Is this a silent economic take over or what?


  1. tweedlethumb · · Reply

    the toxic elements are not exclusive to Chinese products…but it’s irrelevant..and it doesn’t require so much of attention has shifted wholly towards the other article..the one dealing with corruption.


    1. Good. So when can we expect a post from you in reaction, so that I can link you? Are you going to pick up the tag?


  2. tweedlethumb · · Reply

    YES, precisely that. Chinese companies are making huge profits in the Indian market. Now, our desi market is scared of losing out to Chinese/Taiwanese competitors. So, they take the issue up with the market regulatory authority. Ah! The Indians and their wit. They come up with an unique idea – BAN the Chinese products, yes just BAN the goddamned products !
    They contain ‘harmful chemicals which could be fatal’ – leading to cancer (‘cancer’ in any form scares the aam admi) and what not !

    Nice article, once again !


    1. There is no need to warn the aam admi of these ‘scary’ things. They actually are toxic. The worst part is that even the most mundane stuff we use in the house come from China.

      I am glad you enjoyed the post.


    2. There is no need to scare the aam admi about the toxic nature of the Chinese maal. They ARE toxic. I am glad you liked the post.


  3. Must say, a great post. Almost 90% of the world’s laptops are made in China, and incidentally most in a few big factories. One Fedex Boeing 747 filled with laptops flies from China to the US daily. Noone in untouched by the Made in China tag.


    1. Welcome here Manish. Sometimes I am really worried that we are allowing a dragon in our homes which might start breathing fire any time!


  4. Chinese goods have only attracted the lower-middle (and the lower) income group as these goods generally are copies of branded stuff. Those cannot afford the banded ones, go for China stuff. And yeah, it is so true that these Chinese things actually cost higher due to their very low longevity.


    1. It is not being attracted to Chinese goods, which of course, the less well-to-do go for, but the fact that all big companies of the west, notably US, UK and Germany have their goods manufactured in China. You only need to take a look the goods and the legend will stare at you!


  5. Hey Z…love the look of your new site!!! and i love love the image!

    I hate the chinese goods…coz they would break/not work in the first instance and then accumulate as junk in my house..coz they were “too new” to throw away!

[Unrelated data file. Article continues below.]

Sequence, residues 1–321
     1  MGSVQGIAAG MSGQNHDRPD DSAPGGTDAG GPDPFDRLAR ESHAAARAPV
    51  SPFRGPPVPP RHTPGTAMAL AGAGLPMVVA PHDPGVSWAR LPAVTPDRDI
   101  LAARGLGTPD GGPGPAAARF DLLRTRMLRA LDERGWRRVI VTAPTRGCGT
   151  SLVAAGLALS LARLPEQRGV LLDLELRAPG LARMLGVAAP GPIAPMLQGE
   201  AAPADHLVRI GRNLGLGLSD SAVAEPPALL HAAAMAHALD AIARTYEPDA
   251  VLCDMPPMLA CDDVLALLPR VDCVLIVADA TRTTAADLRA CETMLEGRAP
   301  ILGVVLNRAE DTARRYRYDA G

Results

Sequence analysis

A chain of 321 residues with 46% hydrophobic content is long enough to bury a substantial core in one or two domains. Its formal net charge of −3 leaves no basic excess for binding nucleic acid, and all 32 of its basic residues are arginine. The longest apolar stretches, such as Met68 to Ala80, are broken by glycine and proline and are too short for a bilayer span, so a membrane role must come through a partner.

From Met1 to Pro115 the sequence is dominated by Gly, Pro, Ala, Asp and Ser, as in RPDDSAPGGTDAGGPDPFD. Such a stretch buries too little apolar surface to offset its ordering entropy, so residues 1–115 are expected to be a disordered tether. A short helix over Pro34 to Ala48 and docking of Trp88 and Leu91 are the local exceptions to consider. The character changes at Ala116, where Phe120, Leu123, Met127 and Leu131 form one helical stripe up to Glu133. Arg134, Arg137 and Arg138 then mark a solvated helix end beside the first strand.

1. Thanks NN! All credit goes to the second one of the erstwhile brats! You like the new image? LOL suits me to the T doesn’t it?

      We are all stuck with Chinese materials whether we like it or not!


  6. Congratulations and celebrations for this new home for Cyber Nag 😀

    Enjoyed the post . LOL and the site is so beautifully done. I wish I too get to have one soooon.

    I always try to locate Indian brands but the Made in China is everywhere and that too is spurious many a times . LOL Indians are making things with made in China labels and its selling

    Good read


    1. Thanks Tikuli! A happening blogger like you — I am sure you will get one soon! 🙂

      Chinese are slowly taking over the economic scene of the entire world and that too very subtly!


  7. your profile pic is adorable zephyr…:) I loauuve it


  8. First of all, congratulations on the new home for your words! Was a great step for your blog I reckon, and you have done a great job out of it. Interesting blog as usual. I wish we could flood the international mkt like China too, afterall we are a 1 Billion and still growing nation!


    1. Thanks for your comment Richa! Encouragement like this is what makes me going! As for flooding the market, it is simply disconcerting that a nation as accomplished as ours is still allowing China to flood our markets! I wonder what that proves: theiy being better or us being pushovers!


  9. I loved the post..It’s so true about Chinese goods flooding the markets. I didn’t realised how worried I was about unethical production and marketing till I was involved in this series about Chinese toys made of potentially hazardous materials for children. Btw, just an aside, as a little child, my grandmom and mom lured me into not biting my nails by promising to apply cutex on it…I thought it was a generic name till I got older and wiser and cringed at the cutex usage still continuing..The other day, I chanced upon a bottle of cutex nail polish at the Superdrug here..Can you imagine my was like I had found ‘Indian’ maal in a mall..;)